Matthew Barret and Ardel Caneday, ed. Four Views on the Historical Adam. Grand Rapids, MI: Zondervan, 2013. 288 pp. $19.99.
Currently in the Christian world there’s probably no area of belief more controversial and more hotly debated than that of origins. Is the earth around 6,000 years old or billions of years old? Was Adam a real, historical person and the first human being? Is evolution compatible with an evangelical worldview? Underneath the various questions is a hermeneutical issue–How should Genesis 1-2 be interpreted? And ultimately the question is–What, if anything, is at stake in the origins debate? Four Views on the Historical Adam in Zondervan’s Counterpoint series explores these questions, focusing on the historical Adam.
The editors (Matthew Barrett and Ardel Caneday) introduce the book with a very helpful survey of the “debate behind the debate” by summarizing the six views outlined by Gerald Rau in the book Mapping the Origins Debate (4 evolutionist and 2 creationist):
- Naturalistic evolution–There is no Creator; natural causes explain all things.
- Nonteleological evolution–A supernatural being may have created the universe, but had no purpose and did not intervene after it came into existence.
- Planned evolution–God has a purpose, but typically does not intervene in the evolutionary process.
- Directed evolution–God intervenes continually. Unlike the previous three groups, those who hold to directed evolution are likely to see Adam and Eve as historical people and the parents of all humanity.
- Old Earth Creationism–The days of creation are interpreted as long periods of time; this view attempts to harmonize an old earth with the six days of Genesis.
- Young Earth Creationism–The days of creation are twenty-four-hour periods. When Scripture and science disagree, Scripture is always given priority.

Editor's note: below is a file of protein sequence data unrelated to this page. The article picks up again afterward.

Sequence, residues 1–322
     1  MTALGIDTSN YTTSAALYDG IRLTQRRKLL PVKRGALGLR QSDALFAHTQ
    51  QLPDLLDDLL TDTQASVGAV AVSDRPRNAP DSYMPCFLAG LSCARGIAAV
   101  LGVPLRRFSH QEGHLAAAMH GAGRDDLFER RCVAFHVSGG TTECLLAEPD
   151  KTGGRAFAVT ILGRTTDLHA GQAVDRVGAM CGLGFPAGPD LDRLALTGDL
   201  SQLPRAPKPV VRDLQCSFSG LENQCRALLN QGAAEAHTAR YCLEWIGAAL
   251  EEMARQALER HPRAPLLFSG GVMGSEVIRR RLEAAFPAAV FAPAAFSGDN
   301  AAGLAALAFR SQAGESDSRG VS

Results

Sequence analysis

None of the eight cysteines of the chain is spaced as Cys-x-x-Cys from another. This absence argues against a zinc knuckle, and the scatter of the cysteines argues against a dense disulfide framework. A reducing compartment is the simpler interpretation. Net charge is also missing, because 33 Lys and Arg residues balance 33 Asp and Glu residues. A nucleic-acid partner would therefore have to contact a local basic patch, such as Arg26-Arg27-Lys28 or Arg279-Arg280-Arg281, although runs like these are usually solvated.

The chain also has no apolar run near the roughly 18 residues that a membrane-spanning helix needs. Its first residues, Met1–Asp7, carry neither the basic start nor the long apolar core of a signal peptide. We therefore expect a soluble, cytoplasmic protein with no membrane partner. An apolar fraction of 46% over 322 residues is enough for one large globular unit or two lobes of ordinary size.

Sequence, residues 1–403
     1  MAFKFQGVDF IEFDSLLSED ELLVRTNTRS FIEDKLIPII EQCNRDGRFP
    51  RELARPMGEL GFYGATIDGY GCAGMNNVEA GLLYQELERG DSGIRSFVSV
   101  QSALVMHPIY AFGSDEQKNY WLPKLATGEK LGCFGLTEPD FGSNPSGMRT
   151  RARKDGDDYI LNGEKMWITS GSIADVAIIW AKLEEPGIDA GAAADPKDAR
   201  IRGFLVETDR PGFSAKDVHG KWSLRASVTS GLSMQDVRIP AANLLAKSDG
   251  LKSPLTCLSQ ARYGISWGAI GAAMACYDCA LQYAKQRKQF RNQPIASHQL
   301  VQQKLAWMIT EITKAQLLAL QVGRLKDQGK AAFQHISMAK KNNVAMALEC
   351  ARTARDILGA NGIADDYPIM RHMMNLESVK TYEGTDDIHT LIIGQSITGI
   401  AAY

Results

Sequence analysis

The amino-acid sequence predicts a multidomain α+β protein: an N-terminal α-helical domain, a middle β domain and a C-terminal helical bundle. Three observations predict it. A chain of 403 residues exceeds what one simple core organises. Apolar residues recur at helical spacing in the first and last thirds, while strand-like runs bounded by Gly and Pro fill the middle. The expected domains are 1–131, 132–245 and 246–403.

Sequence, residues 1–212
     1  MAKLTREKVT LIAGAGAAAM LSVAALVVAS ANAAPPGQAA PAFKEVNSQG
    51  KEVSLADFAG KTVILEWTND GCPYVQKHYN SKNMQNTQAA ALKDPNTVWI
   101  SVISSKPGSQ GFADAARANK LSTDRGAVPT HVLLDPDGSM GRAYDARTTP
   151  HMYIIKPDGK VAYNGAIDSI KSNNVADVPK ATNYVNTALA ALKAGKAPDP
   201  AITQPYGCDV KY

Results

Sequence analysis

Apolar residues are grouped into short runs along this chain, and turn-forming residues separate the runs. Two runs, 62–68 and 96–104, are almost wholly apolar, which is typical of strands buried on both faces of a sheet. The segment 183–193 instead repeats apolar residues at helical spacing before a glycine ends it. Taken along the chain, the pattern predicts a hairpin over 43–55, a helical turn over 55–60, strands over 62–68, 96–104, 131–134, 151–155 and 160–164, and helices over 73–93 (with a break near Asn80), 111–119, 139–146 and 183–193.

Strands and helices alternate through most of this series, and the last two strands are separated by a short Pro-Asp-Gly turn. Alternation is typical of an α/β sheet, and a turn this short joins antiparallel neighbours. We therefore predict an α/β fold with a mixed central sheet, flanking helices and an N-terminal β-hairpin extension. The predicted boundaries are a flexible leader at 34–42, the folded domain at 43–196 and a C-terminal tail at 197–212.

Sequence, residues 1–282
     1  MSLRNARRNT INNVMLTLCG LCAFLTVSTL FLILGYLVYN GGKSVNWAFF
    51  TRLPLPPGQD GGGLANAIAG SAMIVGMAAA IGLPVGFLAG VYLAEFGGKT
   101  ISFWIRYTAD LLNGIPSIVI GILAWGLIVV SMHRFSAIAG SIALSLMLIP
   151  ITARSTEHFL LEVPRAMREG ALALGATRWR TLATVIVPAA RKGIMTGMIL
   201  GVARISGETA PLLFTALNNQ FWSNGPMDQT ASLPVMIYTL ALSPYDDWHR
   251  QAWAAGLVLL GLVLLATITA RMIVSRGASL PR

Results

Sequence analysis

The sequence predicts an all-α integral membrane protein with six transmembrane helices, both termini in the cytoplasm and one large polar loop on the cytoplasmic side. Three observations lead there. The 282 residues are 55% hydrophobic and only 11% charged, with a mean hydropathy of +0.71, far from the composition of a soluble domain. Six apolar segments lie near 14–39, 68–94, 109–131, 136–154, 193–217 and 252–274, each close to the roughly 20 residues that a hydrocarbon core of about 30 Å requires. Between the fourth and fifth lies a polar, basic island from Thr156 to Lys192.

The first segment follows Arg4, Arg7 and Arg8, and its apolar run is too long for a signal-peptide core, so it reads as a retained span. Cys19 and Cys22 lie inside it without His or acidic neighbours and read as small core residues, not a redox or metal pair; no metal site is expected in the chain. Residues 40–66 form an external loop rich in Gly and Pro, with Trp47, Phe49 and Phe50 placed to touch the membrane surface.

Views three and four are what Rau calls “non-concordist”–they do not attempt to reconcile science and the Bible. The days in Genesis one are not seen as sequential and are interpreted in various ways (e.g., framework view, analogical view, cosmic temple view). On the other hand, views five and six are labeled by Rau as “concordist”–they attempt to reconcile science and the Bible. Though they both affirm six successive days of creation, these days are interpreted in a variety of ways (gap view, intermittent day view, progressive or day-age view, and twenty-four-hour day view). There is one other model that does not fit neatly into any one category–Intelligent Design. Advocates range from directed evolutionists all the way to young-earth creationists.
The survey on origins is important even though this book focuses on the historical Adam because one’s understanding of origins inevitably affects what one believes about Adam and Eve. In fact, each of the authors addresses the origin debate. This survey is also important because it shows how nuanced and complex the various positions are. As a young-earth creationist, I can say that our camp can sometimes have a simplistic and incomplete understanding of the other views; in order to engage responsibly in discussion, it’s important to have an accurate understanding of the other positions.
Moving on to the main portion of the book, the first view presented is that of evolutionary creation by Denis Lamoureux. This is the only view in the book that completely rejects a historical Adam; Lamoureux also rejects scientific concordism. According to Lamoureux, God accommodated ancient views of science as incidental vessels through which to reveal inerrant spiritual truths. One of his most problematic assertions is that “real history in the Bible begins roughly around Genesis 12 with Abraham” (44).